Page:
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BW120

Sharpness New Docks and Gloucester and Birmingham Navigation Company

Description

Records of the Sharpness New Docks and Gloucester and Birmingham Navigation Company:

Date

1779-1992

Reference code

BW120

Access Status

These records are available immediately for research

Administrative /‚Äč Biographical history

The Sharpness New Docks and Gloucester and Birmingham Navigation Company was formed when the Gloucester and Berkeley Canal Company acquired the Worcester and Birmingham Canal Company in 1874. The new entrance and tidal basin at Sharpness opened in 1874, at the same time Alexandra and Llanthony Warehouses were opened in Gloucester. By 1876 at Sharpness four new warehouses and a store were built, all served by railway lines served by the Midland Railway. To support these a passenger railway station was opened in August 1876. The increase in larger ships entering Sharpness meant that cargos had to be transhipped to smaller vessels to get to Gloucester; this increased work for the companies tugs and meant that labour was short. To combat this the Company built steam-powered floating winches to aid unloading and from 1876 built housing and facilities for Company staff and dock workers, including in 1877 an iron church. In 1879 the Severn Railway Bridge opened allowing coal from South Wales and the Forest of Dean to be brought into Sharpness for export. During the 1870s docks opened in Avonmouth and Portishead. The competition made trading difficult until new traffics in the form of petroleum products from America began. Ships using the dock became bigger sometimes needing lightening before entering the dock. Many ship owners began discharging in Sharpness leading to fears that Gloucester would be overlooked. This was however resolved and in the summer of 1885 three ships each carrying 1100 tons of grain arrived in Gloucester Docks. W B Clegram resigned in 1885 due to ill health and was replaced by Frank Jones; he set about making improvements to the canal, mainly in reducing the height of some of the banks thus reducing the slippage that had been a problem. In the early1890s traffic was improving. Low-level storage was built at Sharpness and the lock gates became hydraulically powered while at Gloucester, Monk Meadow Dock was built, the lock into the river was deepened and more facilities were provided for timber storage. In 1896 Sharpness South Pier was extended to improve access into the entrance allowing larger ships to enter safely. Also a small lighthouse was built and other lighting was installed. In order to be able to pay for this the Sharpness Lighthouse Trustees (who became The Gloucester Harbour Trustees) were set up in 1889. In the early 20th century the Company allocated tugs to help ships in the river and appointed a manager for the timber trade in Sharpness where they also built storage for the timber. In 1903 an export trade started in gravel to Avonmouth that lasted three years. At the same time exports of salt were high and imports continued to be good especially in timber necessitating the building of timber ponds alongside the canal at Marshfield in 1905. In 1908 in order to save costs the old entrance at Sharpness, having been used mainly by the gravel traffic, was closed. At around the same time problems with the riverbanks near the canal at Purton were discovered. Remedial works included the sinking of the first of many old barges no longer required to shore up the bank. The First World War had a serious effect on trade into Sharpness, as fewer of the cargos were accessible, tugs were laid up and land and buildings at Gloucester were commandeered by the Army Ordnance Department. In 1916 Cadbury Brothers opened a factory at Fretherne making crumb from local ingredients that was sent by canal to Bournville in Birmingham. Later in the war the Admiralty laid down slips at Hempsted for the building of concrete barges. As peace returned, traffic into Sharpness increased and had returned to near pre-war levels by the mid 1920s. Around this time petroleum depots became established around Monk Meadow. The recovery in trade along the canal required a new dredger and the steam driven No 4 was bought in 1925. From the 1920s a number of pleasure vessels appeared on the canal also a number of holiday bungalows on the canal banks for which the Company allowed ground rent to be charged but by the late 1930s the passenger steamers had finished. In the period leading up to the Second World War traffic continued to grow, though with fewer steamers in use the only major work done was the modernisation of the hydraulic mechanisms at Sharpness in 1937. The outbreak of World War 2 brought new traffics displaced from London and Southampton, leading to the construction of 6 new Sabrina barges. The government took control of traffic (as they also did elsewhere) and gave financial assistance for improvements such as a new northwest quay wall in Sharpness, a new access road at Sharpness, petroleum tanks built into the hillside at Hempsted and a large grain silo at Monk Meadow. In 1948 the Dock Company was nationalised to become a part of the Docks and Inland Waterways Executive of the British Transport Commission. For further information see Edward Paget-Tomlinson, The Illustrated History of Canal & River Navigations.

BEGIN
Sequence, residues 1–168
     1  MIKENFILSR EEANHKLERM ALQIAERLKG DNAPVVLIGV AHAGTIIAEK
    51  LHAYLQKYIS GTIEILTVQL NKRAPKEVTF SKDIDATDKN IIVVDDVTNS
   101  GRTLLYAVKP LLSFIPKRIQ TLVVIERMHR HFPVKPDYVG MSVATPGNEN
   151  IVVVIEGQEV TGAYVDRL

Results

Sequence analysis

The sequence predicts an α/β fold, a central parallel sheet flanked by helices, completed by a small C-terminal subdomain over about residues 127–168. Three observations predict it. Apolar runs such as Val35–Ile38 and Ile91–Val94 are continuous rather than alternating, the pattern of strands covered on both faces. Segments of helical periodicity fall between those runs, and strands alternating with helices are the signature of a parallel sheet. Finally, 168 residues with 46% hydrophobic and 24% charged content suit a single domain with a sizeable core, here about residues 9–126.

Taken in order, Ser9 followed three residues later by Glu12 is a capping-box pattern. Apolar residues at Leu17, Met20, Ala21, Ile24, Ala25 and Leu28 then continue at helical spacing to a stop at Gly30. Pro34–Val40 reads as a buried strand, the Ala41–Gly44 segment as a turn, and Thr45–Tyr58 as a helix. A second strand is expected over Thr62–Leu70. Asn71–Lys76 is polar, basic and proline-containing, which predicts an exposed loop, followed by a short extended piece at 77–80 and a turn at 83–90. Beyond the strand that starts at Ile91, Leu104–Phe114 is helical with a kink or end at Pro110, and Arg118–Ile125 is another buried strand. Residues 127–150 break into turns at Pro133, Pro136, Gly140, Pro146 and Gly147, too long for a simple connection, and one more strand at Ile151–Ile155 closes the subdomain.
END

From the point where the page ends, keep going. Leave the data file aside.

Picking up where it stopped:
Associated material

[See also BW155 for records of the Gloucester and Berkeley Canal Company, BW72 for records of the Company of Proprietors of the Droitwich Canal Navigation and BW106 for records of the Company of Proprietors of the Worcester and Birmingham Canal]

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